At first, it seemed like Bobby was going to be this dumb, awkward oaf who'd totally blow it with Crystal, but props to Bobby Pin for just being a genuinely nice guy both in and out of the ring. His character development this week lends credence to the fact that nice guys don't always finish last. I'm actually rooting for Crystal and Bobby as a love team here! I also thought it was a great touch to include that exchange between them, when they said it might be best for them not to be seen in public since Crystal is still Ace's valet... and she's dating Ace's rival in real life. Makes sense. Oh, and Ace keying Bobby's ride? Total dick move, Ace.

    Speaking of dicks... Hooboy.

    We don't know the entirety of Wild Bill's backstory just yet, but this episode did flesh him out quite a bit—in more ways than one. The character has shades of Michael P.S. Hayes and Ric Flair, both of whom being old school legends of the game. I don't know how Hayes has adapted to the corporate structure of the WWE offices, but it's clear that Wild Bill Hancock doesn't like it all that much. He must like the money—otherwise, why would he be spending time there?—but he doesn't like the mainstream marketing and the corporate capitalism of it all. His contempt for it leads to his own version of the infamous Plane Ride from Hell.

    Weirdly, he runs to Willie Day of all people, and we find out why. They were once lovers, and Willie even had their unborn baby aborted. Jack spoke for the audience when he asked Willie why she and her husband Ted willingly took Wild Bill into their home. I appreciated how human Willie was when she just admitted to still having some feelings for him—or at least remembering how great the sex used to be. In the end, Wild Bill abuses Willie's kindness, and she also takes agency and has her husband kick Wild Bill out of their home. Score another one for the women here.

    Alcohol and drug abuse are nothing new in wrestling, but beneath that, there's always a deeper reason why. Heels's social media have hinted at Wild Bill feeling some sort of guilt, possibly relating to Tom Spade's death. And if there's one thing we've come to know about people who've turned to alcohol and drugs for an escape, it's usually rooted in deep pain. We still don't know what Wild Bill's deal is, but just like Jack Spade at the end of the episode, it's pretty fucking concerning. I'm pretty sure I wasn't the only one who was afraid that Wild Bill was going to hurl himself off the motel's ceiling down onto the parking lot at the end of the episode. Thank goodness that didn't happen.

    Heels is hitting its stride now that we've reached the halfway point. It doesn't necessarily present stakes for the DWL—or even wrestling as a whole—because it's still a show about a family dealing with loss and grief. But it's also managing to smoothen the edges of its characters, giving you a reason to root for them in the process. It's twisted how the circumstances of Tom Spade's death led to the self-destructive tendencies of those around him, which makes the growth and lives of these people the exact stakes in this first season. You want to see Jack and Ace rebuild their relationship. You want to see Crystal get her shot in the business. You want to see Bobby Pin succeed. Hell, you might even want to see Grandma Spade learn to deal with her grief. We're halfway in, and we're feeling the heat. Let's see if they can take us through a hell of a comeback spot for an awesome finish.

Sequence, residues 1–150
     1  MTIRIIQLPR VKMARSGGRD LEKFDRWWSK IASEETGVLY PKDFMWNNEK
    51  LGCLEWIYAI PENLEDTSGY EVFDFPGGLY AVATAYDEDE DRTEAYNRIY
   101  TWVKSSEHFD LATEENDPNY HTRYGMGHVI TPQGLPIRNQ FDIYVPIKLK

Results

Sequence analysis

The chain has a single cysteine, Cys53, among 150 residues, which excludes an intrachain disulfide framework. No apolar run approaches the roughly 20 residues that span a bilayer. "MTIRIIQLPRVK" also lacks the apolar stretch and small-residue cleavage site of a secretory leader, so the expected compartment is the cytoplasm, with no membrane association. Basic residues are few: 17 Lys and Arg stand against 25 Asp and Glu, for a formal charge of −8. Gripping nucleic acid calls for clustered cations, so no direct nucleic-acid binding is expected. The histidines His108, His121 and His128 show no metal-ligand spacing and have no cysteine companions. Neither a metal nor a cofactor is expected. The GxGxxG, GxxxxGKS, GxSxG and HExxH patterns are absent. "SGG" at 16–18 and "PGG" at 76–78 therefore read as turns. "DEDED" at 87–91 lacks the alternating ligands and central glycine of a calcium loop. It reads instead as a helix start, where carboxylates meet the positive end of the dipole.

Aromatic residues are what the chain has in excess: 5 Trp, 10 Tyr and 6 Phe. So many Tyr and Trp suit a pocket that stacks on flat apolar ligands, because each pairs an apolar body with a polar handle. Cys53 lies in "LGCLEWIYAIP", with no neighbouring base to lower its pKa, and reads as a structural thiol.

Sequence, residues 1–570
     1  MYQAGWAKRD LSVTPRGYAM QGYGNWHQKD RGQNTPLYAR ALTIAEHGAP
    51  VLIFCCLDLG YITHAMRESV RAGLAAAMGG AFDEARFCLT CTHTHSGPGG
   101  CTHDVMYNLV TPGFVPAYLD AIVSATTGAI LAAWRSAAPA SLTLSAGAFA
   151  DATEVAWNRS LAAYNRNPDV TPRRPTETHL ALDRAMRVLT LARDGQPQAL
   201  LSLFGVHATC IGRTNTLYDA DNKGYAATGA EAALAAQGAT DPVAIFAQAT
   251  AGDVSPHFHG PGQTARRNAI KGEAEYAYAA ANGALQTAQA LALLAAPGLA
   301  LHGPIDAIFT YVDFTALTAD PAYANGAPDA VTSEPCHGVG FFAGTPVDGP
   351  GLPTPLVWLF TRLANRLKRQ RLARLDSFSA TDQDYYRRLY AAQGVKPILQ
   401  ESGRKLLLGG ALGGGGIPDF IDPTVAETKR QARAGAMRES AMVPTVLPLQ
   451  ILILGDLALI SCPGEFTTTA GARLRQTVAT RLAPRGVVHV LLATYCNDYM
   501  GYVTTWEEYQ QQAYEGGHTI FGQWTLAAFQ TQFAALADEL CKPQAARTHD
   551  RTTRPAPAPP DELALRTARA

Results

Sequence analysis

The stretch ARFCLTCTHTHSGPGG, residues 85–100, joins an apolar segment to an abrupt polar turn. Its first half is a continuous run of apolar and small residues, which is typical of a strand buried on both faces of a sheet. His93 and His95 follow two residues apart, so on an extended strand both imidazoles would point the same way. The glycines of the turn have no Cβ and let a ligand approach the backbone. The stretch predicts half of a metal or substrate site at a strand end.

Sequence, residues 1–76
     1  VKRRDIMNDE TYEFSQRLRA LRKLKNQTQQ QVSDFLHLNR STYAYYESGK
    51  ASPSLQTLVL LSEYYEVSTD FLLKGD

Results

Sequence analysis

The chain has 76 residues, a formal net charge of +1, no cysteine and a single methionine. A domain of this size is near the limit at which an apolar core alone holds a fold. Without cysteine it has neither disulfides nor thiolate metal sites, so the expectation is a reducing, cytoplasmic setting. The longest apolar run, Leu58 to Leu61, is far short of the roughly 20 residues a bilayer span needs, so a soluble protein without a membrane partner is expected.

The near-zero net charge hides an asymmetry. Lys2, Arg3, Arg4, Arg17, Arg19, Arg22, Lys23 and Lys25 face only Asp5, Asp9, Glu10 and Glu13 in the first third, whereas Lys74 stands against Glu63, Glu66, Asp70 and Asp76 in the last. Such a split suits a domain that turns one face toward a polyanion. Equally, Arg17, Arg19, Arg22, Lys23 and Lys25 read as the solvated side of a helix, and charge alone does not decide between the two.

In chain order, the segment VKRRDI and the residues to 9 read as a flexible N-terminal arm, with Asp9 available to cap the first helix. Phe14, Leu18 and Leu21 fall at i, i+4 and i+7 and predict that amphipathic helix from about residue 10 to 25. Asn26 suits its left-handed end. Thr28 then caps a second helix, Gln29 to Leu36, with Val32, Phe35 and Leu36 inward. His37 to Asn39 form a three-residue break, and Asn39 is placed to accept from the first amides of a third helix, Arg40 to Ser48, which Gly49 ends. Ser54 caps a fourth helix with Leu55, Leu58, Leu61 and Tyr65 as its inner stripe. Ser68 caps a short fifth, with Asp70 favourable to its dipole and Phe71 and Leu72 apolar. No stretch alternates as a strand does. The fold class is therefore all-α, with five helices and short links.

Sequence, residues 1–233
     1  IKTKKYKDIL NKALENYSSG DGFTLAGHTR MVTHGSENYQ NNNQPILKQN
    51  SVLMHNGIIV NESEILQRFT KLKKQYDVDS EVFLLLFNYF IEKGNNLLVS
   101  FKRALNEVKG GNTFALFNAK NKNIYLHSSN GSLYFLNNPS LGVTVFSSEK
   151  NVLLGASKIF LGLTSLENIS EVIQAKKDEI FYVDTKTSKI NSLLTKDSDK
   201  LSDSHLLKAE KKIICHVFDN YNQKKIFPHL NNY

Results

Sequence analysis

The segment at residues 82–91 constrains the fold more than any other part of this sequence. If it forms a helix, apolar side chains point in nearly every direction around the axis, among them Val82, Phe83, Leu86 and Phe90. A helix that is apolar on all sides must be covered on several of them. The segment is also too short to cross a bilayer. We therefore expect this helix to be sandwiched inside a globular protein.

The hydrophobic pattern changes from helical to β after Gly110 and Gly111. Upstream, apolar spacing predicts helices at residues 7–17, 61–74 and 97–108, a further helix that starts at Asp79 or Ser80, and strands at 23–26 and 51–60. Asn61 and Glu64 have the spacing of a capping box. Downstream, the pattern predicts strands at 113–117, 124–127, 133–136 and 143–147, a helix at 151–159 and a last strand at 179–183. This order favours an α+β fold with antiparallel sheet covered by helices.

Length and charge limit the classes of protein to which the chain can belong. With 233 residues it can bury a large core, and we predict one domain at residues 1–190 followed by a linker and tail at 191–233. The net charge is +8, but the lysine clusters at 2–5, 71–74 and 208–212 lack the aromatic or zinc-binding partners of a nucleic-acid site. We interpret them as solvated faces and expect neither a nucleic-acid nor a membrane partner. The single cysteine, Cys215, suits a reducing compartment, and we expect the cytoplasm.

Cheap Takes from the Cheap Seats

    • Not gonna lie. It was pretty refreshing to see women as the shotcallers in Heels' version of WWE. Even their equivalent of Johnny Ace or former WWE executive Canyon Ceman—who fired Wild Bill over the phone—was a woman!
    • Crystal's character workshop on Bobby Pin is more proof that this woman has a real mind for the business. It's upsetting how she's been made to feel that she's nothing more than a valet, when it's clear as day that she's so much more. It makes me really want to root for her and that eventual moment in the sun for her character.
    • Fellow local wrestling fan Dan Cabangon pointed this out to me last week, and it needs to be said. It's mindboggling that Heels is set in the current era, and yet the DWL and Florida Wrestling Dystopia act like they're territories from the '70s and '80s. It just doesn't make sense, especially with the presence of their universe's equivalent of WWE.
    • Oh, and hey, The Rock exists in this universe. I need to see that promo Jack Spade cut on The Rock. Also, that promo Jack Spade cut on The Rock is peak delusional Jack. Come on now.
    • I'm really digging Heels' opening theme. "Love in War" by Band of Horses frontman Ben Bridwell and show composer Jeff Cardoni has been stuck in my head for weeks. It's good shit.
    • The show's soundtrack is on Spotify! And yes, Bobby Pin's rap is in it. Of course it's called "Bobby Pin Rap." Damn! Way to go, Trey Tucker.

    Images from Heels and Starz


    Stan Sy (@_StanSy) is the Editor at Large of Smark Henry and is also a TV and events host, a freelance writer, and a podcaster. His podcasts include On Deck with Stan Sy, Now Steaming: A Tsinoy Podcast, and The Wrestling-Wrestling Podcast. He also used to be one of the hosts and writers of The Wrestling Gods on FOX Philippines. He enjoys watching WWE, AEW, and the occasional New Japan match.
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    Item Reviewed: Smark TV: The Ball in the Box Rating: 5 Reviewed By: Stan Sy